Dark side to Japan's official image
Updated: 2013-10-23 07:40
By Cai Hong (China Daily Africa)
Abe builds up military appeal and capacity - but not all for self-defense
Japan's Maritime Self-Defense Force is launching a charm offensive to attract young Japanese. It is inviting web surfers to pick the "Mr and Ms" of Japan's naval service.
Among the uniformed candidates are a P-3C pilot, a submarine rescue diver, an airborne electronics specialist, an air traffic controller and a shipboard navigator.
Upholding the pacifist creed based on Article 9 of Japan's Constitution - which "renounces war as a sovereign right of the nation and the threat or use of force as means of settling international disputes" - members of the Japanese public have little interest in joining the army, navy or air force, and the SDF has found it hard to meet recruitment quotas.
In summer, the SDF coordination office for Kagawa prefecture ran a contest to design a new recruitment poster. The winning entry featured anime girls in the uniforms of the three SDF branches and the slogan: "Learn, decide and act. You'll be the hero."
These efforts are necessary given that the Abe administration is burning with ambition to build up Japan's military. With outlying islands in mind, Japan plans to form a new amphibious force, its version of the US Marine Corps, in 2015. This is intended to bolster Japan's defensive capabilities for the Nansei Islands chain in the East China Sea, in which Japan includes China's Diaoyu Islands.
According to Japanese newspaper Asahi Shimbun, the new marine unit will be formed from a 700-strong infantry regiment that is currently part of the SDF's western army. Eventually it will have 3,000 active military personnel, tasked exclusively with defending outlying islands and acting as a deterrent against potential hostile forces. A trial section will be launched next year involving 30 troops and six amphibious vehicles.
So, Japanese Prime Minister Shinzo Abe is not planning to keep Japan's modern, well-funded army confined within its own border, and his master plan needs more manpower.
During his recent overseas trips, Abe had gone to great lengths to sell his "proactive pacifism". On Sept 26, he told the UN General Assembly that Japan will be "even more actively engaged in UN collective security measures, including peacekeeping operations".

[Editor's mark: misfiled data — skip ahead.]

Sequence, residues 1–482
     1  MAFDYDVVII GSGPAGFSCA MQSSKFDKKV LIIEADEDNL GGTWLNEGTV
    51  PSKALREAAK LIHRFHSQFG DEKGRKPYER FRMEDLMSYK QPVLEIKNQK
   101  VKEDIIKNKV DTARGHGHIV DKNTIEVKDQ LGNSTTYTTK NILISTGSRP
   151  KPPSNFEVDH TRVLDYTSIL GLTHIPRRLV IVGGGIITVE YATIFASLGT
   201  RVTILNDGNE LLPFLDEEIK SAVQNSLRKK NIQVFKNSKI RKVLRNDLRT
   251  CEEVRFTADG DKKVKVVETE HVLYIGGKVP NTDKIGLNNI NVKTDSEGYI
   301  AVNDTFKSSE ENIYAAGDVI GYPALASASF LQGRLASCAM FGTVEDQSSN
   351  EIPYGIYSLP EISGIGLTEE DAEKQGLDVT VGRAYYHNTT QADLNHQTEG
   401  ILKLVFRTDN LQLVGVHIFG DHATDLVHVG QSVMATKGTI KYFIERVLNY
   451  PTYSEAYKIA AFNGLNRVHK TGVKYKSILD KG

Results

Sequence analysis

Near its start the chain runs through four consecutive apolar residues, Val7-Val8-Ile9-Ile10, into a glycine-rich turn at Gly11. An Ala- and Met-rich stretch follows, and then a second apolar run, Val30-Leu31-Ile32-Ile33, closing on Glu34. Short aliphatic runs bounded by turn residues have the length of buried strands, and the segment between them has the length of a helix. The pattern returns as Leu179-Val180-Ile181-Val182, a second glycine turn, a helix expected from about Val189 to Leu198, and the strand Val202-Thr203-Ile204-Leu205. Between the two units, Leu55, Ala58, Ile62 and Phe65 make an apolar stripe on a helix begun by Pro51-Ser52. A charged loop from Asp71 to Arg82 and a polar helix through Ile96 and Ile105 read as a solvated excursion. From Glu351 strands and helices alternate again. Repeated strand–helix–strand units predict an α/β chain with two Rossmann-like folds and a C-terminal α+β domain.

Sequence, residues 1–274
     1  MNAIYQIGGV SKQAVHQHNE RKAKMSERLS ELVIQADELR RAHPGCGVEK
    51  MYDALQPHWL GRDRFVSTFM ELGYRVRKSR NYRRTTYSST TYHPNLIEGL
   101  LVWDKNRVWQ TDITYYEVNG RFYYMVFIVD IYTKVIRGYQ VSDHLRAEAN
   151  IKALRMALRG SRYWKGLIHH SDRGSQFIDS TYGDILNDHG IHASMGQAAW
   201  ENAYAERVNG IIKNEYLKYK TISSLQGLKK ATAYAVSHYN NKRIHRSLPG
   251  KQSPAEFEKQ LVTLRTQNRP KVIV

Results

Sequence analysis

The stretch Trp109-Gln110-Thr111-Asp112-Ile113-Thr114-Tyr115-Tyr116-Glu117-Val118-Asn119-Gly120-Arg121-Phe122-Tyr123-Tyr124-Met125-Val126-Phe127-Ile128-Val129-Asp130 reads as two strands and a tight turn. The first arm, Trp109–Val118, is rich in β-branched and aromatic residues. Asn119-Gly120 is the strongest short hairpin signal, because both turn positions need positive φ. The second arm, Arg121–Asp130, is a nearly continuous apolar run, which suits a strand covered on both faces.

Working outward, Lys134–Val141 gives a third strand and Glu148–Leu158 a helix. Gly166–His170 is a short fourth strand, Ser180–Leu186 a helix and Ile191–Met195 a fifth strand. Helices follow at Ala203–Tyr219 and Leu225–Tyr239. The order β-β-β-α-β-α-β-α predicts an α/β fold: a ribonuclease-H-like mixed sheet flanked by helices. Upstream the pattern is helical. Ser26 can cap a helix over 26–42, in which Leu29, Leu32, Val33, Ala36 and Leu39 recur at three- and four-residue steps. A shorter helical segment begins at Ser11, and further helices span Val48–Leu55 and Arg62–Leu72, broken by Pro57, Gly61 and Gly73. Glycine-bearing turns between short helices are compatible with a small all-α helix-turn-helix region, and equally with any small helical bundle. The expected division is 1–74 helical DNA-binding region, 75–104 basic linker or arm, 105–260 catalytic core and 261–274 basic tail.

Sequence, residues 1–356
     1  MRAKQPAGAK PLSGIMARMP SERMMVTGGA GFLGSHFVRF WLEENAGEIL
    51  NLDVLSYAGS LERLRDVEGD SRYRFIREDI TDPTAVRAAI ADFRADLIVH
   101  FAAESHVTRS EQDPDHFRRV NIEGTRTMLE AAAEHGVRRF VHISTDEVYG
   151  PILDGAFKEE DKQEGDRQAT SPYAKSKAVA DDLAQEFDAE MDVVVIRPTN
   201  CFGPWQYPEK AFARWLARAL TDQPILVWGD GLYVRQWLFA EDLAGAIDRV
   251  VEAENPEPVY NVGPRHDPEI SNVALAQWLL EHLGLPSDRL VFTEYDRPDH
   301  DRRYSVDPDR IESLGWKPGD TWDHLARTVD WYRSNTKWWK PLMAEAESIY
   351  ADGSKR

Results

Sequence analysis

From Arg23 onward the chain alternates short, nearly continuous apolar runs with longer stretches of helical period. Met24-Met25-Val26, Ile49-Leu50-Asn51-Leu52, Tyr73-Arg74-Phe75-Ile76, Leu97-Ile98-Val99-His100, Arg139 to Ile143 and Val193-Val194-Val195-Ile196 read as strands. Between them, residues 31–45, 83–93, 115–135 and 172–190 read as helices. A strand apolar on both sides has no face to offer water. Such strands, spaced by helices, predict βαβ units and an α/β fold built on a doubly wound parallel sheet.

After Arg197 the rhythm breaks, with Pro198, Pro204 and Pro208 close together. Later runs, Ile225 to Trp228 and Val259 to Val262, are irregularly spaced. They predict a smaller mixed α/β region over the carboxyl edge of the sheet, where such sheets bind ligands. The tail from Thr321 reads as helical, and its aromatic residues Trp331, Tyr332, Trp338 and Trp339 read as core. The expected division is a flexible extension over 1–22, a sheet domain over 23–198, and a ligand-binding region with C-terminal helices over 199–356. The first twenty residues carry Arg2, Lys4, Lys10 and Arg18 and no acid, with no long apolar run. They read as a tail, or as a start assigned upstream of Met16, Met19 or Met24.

The SDF has been involved in UN peacekeeping missions in many parts of the world since the 1990s. Abe also clarified the Japanese SDF's integrated support of US forces, which operate globally.
Before completing his four-nation trip to the Middle East in August, Abe made a quick visit to Djibouti, site of the only SDF permanent base outside Japan, where he reminded Japanese soldiers of their country's duty to the international community.
Abe and the ruling Liberal Democratic Party are well known for their eagerness to amend Japan's constitution to allow the SDF to expand its responsibilities.
On Oct 15, the Japanese cabinet decided to extend the term of the dispatch of the SDF to the UN mission in the Republic of South Sudan for another year, until Oct 31 next year. Japan also decided to increase the personnel and equipment, as the SDF will expand its area of activities in the state of Eastern Equatoria and the state of Western Equatoria "in response to requests from the UN, in order to further contribute to nation-building South Sudan," according to Japan's Ministry of Foreign Affairs.
In briefing leaders of the Association of Southeast Asian Nations in early October on his government's effort to change Japan's security policy, Abe noted that the security environment in Asia has become more severe, and Japan therefore "intends to contribute to regional and international peace and stability more proactively than before from the standpoint of active pacifism".
Abe's initiatives mean that Japan might increase its dispatch of SDF troops abroad, especially in step with the US. His moves will drastically change the SDF's purpose from dealing exclusively with self-defense and pre-empt the country's constitutional revision.
Japan's growing momentum to change its government's conventional interpretation of exercising the right of self-defense and revise the constitution has been welcomed by the US.
The SDF had originally kept a low profile in Japan's pacifist society and in efforts to introduce conscription. However, its swift response to the 2011 earthquake and tsunami in Northeast Japan, with more than 100,000 in troops deployed to search for victims and to aid survivors, has won it increasing public acceptance.
Also, the perceived threat from China and potential conflict in the East China Sea, which the Abe government has been sentimentalizing, has helped to bolster support for the SDF among the Japanese.
Even Japanese Defence Minister Itsunori Onodera was roped in to help polish his army's image. He played matchmaker for his men in July when a party was thrown at the Yokosuka Naval Base to find dates for them with 131 Japanese women. Onodera praised his soldiers for being "well trained at cleaning, washing and cooking".
The SDF is gaining a more assertive role at home, and Abe is ambitious to raise its profile abroad. But he fails to give a sincere explanation to Japan's neighbors to dispel concerns over military expansion.
The author is China Daily's Tokyo bureau chief. Contact the writer at firstname.lastname@example.org.
(China Daily Africa Weekly 10/18/2013 page9)